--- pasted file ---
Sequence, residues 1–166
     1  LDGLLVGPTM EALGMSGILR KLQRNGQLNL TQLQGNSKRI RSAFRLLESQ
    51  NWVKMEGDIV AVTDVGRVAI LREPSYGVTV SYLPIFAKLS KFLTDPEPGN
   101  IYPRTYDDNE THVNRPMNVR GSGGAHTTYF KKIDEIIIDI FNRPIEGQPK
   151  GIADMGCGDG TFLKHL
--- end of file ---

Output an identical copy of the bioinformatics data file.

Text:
Sequence, residues 1–166
     1  LDGLLVGPTM EALGMSGILR KLQRNGQLNL TQLQGNSKRI RSAFRLLESQ
    51  NWVKMEGDIV AVTDVGRVAI LREPSYGVTV SYLPIFAKLS KFLTDPEPGN
   101  IYPRTYDDNE THVNRPMNVR GSGGAHTTYF KKIDEIIIDI FNRPIEGQPK
   151  GIADMGCGDG TFLKHL